"The only thing I know is I know nothing." -Socrates
Too much of what passes for expert analysis today is just strongly-worded opinion. Take Tim Tebow's success in the NFL, for example. It wasn't supposed to happen. It's still not supposed to be happening. The Denver Broncos are supposed to go back to playing like the 0-4 team that started the season under Kyle Orton. So say the experts as if its scripture, and the minute Denver loses the talking heads in the media will start a celebration of their own that you can bet won't include Tebowing.
Today could be that day. The Broncos are a heavy underdog against the New England Patriots despite playing at home. Many so-called analysts are vested in the outcome. If the Patriots win, they will double down on Tom Brady and highlight every Tebow flub. The chatter that the Denver Broncos are a quarterback away from being a complete team will increase. If the Patriots lose, they will tell us it's only because of their porous defense, even though Tebow will likely cap the game with another come-from-behind drive. The experts, in other words, are only in the business of verifying their own opinions with utter nonsense.
Despite what happens today, conventional wisdom has failed to account for Tim Tebow's 7-1 record as a starter this year. Thus, we can already say with certainty that the conventional wisdom was wrong.
Character counts. It used to count for more. Forty or fifty years ago, the conventional wisdom would have probably predicted success for Tim Tebow. He would have been the exact kind of quarterback coaches wanted. He doesn't turn the ball over. He's tough to bring down. He can turn a busted play into positive yardage. He's a general on the field with strong intangibles. He makes every player on the team better by bringing out the ultimate effort in each of them. These are qualities that more often than not lead to victories.
However, in today's NFL more emphasis has been placed on a quarterback's arm strength, their throwing mechanics, the tightness of the spiral, and the ability to audible. Leadership is way down the list, something I suppose most coaches and scouts think can be taught so long as the quarterback carries the pedigree of a true passer.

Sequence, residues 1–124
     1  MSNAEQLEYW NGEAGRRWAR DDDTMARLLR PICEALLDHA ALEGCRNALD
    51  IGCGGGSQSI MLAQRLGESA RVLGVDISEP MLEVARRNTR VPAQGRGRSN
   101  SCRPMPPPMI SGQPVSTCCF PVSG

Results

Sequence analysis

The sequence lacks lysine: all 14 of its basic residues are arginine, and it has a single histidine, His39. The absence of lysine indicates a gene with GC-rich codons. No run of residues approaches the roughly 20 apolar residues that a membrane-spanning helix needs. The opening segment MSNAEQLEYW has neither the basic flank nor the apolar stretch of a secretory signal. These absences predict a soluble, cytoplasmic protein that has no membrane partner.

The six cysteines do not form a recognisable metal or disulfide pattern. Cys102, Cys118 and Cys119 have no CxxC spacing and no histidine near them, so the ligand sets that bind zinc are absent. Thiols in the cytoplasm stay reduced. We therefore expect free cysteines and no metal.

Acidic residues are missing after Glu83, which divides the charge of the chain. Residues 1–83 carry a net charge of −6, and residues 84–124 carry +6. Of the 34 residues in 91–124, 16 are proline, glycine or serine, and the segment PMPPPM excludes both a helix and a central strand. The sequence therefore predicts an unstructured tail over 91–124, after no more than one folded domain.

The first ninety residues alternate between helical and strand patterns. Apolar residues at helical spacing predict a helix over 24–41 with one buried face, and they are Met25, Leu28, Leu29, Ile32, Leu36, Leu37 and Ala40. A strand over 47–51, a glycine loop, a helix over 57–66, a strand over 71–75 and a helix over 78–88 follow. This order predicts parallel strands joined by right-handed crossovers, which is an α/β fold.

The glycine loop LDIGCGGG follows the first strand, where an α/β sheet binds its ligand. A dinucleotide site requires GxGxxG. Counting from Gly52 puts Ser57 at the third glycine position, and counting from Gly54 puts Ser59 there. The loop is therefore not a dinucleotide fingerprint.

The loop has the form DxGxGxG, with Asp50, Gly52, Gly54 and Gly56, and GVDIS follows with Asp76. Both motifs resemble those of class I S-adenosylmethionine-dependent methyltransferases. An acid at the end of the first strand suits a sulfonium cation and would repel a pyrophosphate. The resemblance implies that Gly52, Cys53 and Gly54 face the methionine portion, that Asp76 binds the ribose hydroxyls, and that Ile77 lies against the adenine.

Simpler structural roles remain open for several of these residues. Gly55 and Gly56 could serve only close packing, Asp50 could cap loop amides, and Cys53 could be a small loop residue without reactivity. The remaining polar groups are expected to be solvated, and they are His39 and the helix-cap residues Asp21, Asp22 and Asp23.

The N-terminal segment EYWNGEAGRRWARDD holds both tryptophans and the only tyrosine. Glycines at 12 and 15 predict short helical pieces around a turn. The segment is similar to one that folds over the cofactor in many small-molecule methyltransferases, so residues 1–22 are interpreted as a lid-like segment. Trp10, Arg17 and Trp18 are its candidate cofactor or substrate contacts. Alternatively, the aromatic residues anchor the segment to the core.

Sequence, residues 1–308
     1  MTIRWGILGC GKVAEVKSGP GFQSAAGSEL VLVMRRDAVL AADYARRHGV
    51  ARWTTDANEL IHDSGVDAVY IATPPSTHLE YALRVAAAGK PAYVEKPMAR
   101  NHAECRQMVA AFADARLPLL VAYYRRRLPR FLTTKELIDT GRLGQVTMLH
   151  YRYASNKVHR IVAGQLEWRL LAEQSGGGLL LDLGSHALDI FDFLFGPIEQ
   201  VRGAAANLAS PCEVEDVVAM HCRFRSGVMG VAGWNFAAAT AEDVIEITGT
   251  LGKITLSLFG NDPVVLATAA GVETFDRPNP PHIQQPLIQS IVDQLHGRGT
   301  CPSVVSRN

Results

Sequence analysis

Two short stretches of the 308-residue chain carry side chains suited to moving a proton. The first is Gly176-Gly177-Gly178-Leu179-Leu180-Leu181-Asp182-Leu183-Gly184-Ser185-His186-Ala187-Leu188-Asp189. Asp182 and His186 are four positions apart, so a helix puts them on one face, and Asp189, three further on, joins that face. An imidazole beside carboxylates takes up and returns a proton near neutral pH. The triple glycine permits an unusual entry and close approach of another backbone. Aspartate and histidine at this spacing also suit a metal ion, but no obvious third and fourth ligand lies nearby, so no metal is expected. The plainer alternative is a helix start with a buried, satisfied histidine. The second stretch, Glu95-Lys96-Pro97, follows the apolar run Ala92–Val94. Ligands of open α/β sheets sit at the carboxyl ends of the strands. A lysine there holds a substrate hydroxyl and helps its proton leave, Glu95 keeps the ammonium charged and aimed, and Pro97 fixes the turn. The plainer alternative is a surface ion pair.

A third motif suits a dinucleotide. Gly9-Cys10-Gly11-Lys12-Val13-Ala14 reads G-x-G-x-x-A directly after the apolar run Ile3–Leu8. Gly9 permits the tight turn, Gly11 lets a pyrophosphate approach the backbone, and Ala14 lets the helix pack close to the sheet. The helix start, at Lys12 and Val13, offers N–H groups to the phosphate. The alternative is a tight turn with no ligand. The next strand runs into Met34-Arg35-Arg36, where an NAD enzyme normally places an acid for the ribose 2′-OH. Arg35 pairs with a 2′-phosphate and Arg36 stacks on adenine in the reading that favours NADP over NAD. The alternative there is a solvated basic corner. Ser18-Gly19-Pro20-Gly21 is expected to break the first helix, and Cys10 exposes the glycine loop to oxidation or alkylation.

In some cases, conventional wisdom has been right. Aaron Rodgers was valued highly by pro scouts and has turned in close to the perfect NFL season. His team is undefeated. But for every Aaron Rodgers, there's a Jeff George, Jamarcus Russell, Ryan Leaf, Akili Smith, and David Carr. These guys all had strong arms with good mechanics, they were highly drafted, but none of it translated to success on the football field.
I can't help but think of the talking political heads who make these same type of prognostications when it comes to which candidates can and can't win, which ones will alienate too many voters. Ronald Reagan, we were told, wasn't supposed to win. According to conventional wisdom, Sarah Palin can't either. And yet in the same sentence, these experts tell us the most divisive, partisan, and petty president in our lifetime is the guy with the winnable message. Again, utter nonsense.
Leadership isn't taught and it can't be faked. In their own way, many golden armed quarterbacks who fizzled out in the NFL have shown us that much. Leadership is built on a strong foundation, and it takes a lifetime. When discerning leadership, we would be wise to look at the virtues men have always valued as a strong foundation for success - faith, honesty, perseverance, accountability, humility, and grace under fire. More likely than not, this comes from a believe in something far greater and more meaningful than ourselves. It comes from God.
I can't help but think in discounting the qualities that make Tim Tebow so outstanding, many of us are really underestimating God's glory. Sadly, that means we are underestimating ourselves and the great purpose God has for each of us. Even if its only for one season.
Prediction: Broncos 24, Patriots 23 (but does it really matter?... I'm no expert)